Increasingly I hear people referring to any film made in the last century as old. Nobody likes “old” movies. It seems that most people don’t even really like black & white. I used to be like that, but of course you can’t call yourself a real cinephile and not have a basic knowledge of the great classics. I’m here to help you. How? I’ve selected 20 of my favorite films of the 20th century. My hope is that these films will help you appreciate the fact that there are gorgeous looking pictures throughout any decade. Moreover these films aren’t just pretty to look at, but they’re also some of the best movies ever made. Continue reading
The Borgen’s are a peasant family living in rural Denmark. They love their pigs, smoking their pipe and God. One day Anders Borgen (Cay Kristiansen), Morten Borgen’s (Henrik Malberg) youngest son announces that he wants to get married with Anne Petersen (Gerda Nielsen). Unfortunately, the Petersen’s don’t share the Borgen’s religious views and ascribe to a slightly different group of Christians, so that’s a no-go. Things however escalate when Morten’s daughter Inger (Birgitte Federspiel) gets sick. Meanwhile her younger brother Johannes (Preben Lerdorff Rye) thinks he’s the second coming, prancing around the house speaking of resurrection and making crazy faces. Who are these people? Continue reading
First Stars I See Tonight is a black & white animated/live-action cross-over short film. It narrates the story of a girl (Elle Fanning) with night blindness and how her dad (James Patrick Stuart) gets her these military goggles to see the stars. It’s a lot of voice-over narration, incessant I should say, but it’s quite a sweet story and it’s less than 3 minutes, so if it even sounds mildly interesting to you: Check it out! Continue reading
Alberto Nardi (Alberto Sordi) is an enthusiastic, but unlucky Roman entrepreneur trying to make it big in Milan. All of his business ventures seem to be busts, but he still hasn’t given up hope and keeps dreaming of becoming very rich one day. In the meantime he has only made a lot of debts and if it wasn’t for his wealthy wife Elvira Almiraghi (Franca Valeri) he would probably be insolvent and declaring bankruptcy. Other than financial interests, Alberto doesn’t seem to care much about his wife. One day, it seems that Alberto’s luck has finally come: His wife has died in a terrible train accident and he is going to inherit her fortune. What a happy ending, but wait this is an Alberto Sordi film: It never ends well! Continue reading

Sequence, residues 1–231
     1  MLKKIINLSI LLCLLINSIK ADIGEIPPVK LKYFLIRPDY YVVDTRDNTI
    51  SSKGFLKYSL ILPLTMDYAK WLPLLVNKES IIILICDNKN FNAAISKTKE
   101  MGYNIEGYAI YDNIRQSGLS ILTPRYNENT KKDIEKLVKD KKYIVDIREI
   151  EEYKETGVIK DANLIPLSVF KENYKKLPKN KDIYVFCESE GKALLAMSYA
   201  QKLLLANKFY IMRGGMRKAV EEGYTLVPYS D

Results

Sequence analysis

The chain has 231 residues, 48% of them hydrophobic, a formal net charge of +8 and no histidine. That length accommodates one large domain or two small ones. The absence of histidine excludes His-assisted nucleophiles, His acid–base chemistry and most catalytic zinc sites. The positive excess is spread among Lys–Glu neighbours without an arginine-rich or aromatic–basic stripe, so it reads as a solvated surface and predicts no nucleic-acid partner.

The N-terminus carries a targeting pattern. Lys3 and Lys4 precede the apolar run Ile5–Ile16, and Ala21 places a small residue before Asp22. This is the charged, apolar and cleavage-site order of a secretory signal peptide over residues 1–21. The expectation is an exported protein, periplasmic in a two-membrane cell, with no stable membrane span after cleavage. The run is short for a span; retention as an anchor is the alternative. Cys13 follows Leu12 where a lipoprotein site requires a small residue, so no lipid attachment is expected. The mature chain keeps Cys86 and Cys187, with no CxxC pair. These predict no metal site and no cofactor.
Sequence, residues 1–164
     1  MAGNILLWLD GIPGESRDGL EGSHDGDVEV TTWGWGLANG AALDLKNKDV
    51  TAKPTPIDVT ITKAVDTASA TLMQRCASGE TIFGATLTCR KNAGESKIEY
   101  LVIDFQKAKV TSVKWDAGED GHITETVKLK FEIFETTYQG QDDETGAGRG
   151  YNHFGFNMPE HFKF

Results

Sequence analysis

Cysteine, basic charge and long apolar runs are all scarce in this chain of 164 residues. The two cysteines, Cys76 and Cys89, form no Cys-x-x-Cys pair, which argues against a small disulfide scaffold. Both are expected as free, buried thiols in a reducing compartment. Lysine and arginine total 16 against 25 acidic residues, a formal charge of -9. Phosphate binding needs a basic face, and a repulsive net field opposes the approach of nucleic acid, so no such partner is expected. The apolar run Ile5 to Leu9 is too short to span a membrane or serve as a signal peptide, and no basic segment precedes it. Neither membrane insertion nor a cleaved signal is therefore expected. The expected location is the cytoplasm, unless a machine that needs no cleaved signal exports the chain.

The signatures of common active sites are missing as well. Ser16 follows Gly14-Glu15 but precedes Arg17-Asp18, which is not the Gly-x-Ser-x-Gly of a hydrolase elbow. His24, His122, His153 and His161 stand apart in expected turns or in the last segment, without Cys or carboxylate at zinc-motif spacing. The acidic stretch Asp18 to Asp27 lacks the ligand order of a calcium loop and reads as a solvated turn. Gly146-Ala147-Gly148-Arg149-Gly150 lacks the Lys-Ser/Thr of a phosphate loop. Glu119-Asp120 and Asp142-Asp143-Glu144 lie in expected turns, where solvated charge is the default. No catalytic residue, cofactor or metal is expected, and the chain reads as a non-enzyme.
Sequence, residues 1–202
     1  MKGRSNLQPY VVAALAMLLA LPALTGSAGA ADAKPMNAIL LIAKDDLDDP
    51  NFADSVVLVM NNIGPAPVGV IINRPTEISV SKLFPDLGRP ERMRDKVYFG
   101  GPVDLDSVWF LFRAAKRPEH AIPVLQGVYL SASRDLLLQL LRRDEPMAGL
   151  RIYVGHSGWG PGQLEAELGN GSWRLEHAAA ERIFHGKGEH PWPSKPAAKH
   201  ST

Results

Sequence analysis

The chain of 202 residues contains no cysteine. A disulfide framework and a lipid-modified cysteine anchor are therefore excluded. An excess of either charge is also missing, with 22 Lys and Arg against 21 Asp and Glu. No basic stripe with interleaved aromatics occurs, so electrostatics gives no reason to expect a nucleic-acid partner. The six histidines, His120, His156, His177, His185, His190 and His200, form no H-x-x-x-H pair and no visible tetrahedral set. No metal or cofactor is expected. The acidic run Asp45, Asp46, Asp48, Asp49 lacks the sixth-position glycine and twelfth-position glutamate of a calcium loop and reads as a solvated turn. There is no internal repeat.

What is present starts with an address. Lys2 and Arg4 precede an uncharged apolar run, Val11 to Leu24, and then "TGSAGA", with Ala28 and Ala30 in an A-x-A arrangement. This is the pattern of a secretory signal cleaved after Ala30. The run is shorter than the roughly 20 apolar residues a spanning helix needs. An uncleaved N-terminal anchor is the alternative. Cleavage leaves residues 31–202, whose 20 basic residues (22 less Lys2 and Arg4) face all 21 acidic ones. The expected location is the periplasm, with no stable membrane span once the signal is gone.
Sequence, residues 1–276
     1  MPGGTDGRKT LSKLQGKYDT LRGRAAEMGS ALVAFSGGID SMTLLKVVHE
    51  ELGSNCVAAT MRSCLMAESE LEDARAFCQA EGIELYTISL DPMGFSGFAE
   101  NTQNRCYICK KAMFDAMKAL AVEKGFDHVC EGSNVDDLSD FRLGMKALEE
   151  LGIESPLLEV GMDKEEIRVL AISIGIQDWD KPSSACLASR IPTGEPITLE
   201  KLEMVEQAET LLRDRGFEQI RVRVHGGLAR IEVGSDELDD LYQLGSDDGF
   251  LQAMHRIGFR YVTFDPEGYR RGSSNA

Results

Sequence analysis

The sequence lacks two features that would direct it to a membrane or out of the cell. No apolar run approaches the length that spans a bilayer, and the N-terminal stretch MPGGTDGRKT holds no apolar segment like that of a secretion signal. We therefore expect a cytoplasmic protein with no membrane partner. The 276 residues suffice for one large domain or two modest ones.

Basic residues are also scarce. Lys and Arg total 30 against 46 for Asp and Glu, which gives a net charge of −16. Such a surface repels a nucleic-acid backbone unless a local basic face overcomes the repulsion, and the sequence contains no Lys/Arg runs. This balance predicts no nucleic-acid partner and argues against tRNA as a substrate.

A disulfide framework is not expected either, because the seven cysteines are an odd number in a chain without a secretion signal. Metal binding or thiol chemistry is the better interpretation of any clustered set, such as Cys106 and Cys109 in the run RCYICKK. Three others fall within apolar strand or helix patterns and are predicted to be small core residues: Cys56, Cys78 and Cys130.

Welcome to another edition of Five Reasons, where I give you five very valid reasons to check out a film if you still need some convincing. If you have seen the film you get to peek inside my brain and find out why I love the movie so much. If you’re okay with peeking inside my brain, because there is all kinds of crazy shit going on there. Moving on: Here are five reasons why I highly recommend checking out Werner Herzog’s 1970 art film Auch Zwerge haben klein angefangen, which is just one of his many masterpieces. Continue reading
Another teaser for Lars von Trier’s upcoming Nymphomaniac has premiered today on the official website of the film. The clip features Charlotte Gainsbourg walking towards what seems to be a hospital. Stellan Skarsgård narrates the scene with his warm, raucous voice. The clip is shot in crispy clean black & white and looks gorgeous. It doesn’t really say or show much about the movie, so don’t worry about spoilers.
The description on the website reads: “Chapter 4 – Delirium. Delirium: Confusion. Delusion. Hallucination. The nymphomaniac’s father dies”. That would be Joe (Charlotte Gainsbourg)’s father. The film is set to be released on Christmas Day in Denmark and in January 2014 worldwide. Looking good?